6 thoughts on “Carson

    • Oddly enough, the small music festival you went to a couple of years ago in Somerset crossed my mind while writing this.

      I do love the web but I do rather rebel against sameness.

      I should point out that my actual mother is nothing like the DC and has never had a Bucky in her life.



  1. I’m glad you returned Kelvin and bought Carson. More butler than tabloid editor. Good show old boy.

    I do wonder, though, why you would take your fridge on holiday with you. Slightly odd to take domestic appliances on holiday with you, although I did used to take the Argos catalogue on holiday with me when I was younger so stranger things do happen. I have visions of you carting Carson around in a shopping trolley with him mechanically chirping and burping his suggestions on what you should eat and drink. No wonder he has to recommend places for you to go; I’m not sure Mungo in Dos Palmanos would be entirely happy with you asking for an extra place for your fridge at the table. Does he need a high chair too ?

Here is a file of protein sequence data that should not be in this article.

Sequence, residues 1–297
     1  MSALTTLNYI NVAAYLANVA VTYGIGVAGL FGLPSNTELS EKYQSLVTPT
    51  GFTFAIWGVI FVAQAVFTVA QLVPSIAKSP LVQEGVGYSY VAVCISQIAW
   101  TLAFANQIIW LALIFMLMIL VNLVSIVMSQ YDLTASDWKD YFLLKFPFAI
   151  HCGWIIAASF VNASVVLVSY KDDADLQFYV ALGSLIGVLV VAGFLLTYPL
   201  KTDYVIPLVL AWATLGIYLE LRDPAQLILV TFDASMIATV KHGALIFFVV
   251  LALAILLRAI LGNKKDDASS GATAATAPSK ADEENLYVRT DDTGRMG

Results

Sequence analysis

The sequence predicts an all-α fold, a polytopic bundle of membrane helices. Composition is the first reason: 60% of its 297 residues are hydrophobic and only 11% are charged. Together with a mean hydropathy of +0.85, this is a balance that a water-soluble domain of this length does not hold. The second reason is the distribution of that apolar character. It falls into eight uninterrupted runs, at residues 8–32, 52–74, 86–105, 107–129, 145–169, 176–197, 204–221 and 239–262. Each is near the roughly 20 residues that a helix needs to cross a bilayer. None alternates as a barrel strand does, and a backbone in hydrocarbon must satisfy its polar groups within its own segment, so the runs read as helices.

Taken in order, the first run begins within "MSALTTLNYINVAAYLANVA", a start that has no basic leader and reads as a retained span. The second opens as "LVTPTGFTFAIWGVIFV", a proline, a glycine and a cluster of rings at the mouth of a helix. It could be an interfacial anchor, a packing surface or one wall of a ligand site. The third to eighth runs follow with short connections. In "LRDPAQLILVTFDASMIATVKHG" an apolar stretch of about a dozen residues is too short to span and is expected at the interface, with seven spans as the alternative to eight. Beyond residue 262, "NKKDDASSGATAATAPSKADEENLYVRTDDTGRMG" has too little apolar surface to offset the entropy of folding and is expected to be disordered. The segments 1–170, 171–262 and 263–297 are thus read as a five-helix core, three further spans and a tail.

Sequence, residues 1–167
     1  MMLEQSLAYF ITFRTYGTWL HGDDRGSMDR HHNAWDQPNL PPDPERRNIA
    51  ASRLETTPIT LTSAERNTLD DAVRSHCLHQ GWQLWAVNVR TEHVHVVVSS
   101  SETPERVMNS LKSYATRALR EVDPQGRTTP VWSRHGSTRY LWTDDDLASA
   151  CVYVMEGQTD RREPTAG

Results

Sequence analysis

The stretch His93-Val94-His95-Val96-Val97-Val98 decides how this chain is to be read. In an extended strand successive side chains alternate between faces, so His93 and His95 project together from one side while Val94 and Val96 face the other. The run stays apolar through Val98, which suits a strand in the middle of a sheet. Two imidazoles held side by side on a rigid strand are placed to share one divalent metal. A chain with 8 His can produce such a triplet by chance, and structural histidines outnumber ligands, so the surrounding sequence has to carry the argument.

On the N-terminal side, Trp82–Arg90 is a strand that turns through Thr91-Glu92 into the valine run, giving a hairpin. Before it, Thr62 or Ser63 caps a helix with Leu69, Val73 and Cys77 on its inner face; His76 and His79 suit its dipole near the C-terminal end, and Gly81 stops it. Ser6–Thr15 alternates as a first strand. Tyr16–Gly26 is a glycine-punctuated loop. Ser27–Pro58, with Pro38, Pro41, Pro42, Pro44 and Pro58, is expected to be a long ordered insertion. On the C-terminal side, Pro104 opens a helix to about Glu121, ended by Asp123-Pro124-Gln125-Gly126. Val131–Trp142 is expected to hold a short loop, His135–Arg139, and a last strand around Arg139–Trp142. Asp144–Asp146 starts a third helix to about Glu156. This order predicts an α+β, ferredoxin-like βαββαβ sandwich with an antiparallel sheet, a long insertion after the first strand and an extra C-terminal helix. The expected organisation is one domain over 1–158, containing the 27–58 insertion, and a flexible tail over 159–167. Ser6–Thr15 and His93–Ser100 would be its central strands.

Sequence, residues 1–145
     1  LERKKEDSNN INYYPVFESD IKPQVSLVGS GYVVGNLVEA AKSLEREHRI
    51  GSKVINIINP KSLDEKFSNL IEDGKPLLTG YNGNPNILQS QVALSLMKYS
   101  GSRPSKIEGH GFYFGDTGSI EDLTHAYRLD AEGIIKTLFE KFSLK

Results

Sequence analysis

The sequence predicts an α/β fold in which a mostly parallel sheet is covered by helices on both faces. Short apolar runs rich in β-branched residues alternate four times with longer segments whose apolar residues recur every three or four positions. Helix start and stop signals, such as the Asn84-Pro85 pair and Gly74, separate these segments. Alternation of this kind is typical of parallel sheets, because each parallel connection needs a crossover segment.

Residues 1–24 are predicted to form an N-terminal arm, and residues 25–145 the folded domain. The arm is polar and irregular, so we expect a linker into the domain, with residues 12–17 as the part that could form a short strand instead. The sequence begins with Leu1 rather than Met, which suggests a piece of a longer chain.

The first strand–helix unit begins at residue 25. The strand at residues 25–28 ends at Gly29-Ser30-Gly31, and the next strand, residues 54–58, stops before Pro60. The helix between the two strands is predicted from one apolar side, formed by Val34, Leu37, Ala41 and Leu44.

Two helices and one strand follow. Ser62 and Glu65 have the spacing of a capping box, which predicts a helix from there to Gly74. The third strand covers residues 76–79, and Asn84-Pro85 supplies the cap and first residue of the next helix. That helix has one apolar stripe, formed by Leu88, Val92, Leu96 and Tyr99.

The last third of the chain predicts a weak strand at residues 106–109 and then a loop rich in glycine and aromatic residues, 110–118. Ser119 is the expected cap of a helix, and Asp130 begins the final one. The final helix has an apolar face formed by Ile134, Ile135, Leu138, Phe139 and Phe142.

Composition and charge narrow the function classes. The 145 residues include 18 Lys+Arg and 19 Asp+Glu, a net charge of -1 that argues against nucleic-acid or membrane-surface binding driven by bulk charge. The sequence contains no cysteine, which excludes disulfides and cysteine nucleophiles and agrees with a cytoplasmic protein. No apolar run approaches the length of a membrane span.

I have thought of a use for Carson that you may not have considered. Perhaps he could start his own refrigerated social network (Freezr etc) and educate those morose and slightly oafish fridges pedalled by Fortnums. The Internet of Things takes on a human face, but driven by machines, to advise humans about what their machines can do better. Excellent.

    • The deuced clever thing about Carson, and even Kelvin for that matter, was that we don’t need to cart them round the place.  We can, “log on”, from wherever we are going, even before we’ve got there.  Kelvin would unthinkingly tap into the local supply of pop tarts while Carson did things a little differently, we get a lot more variety as a result.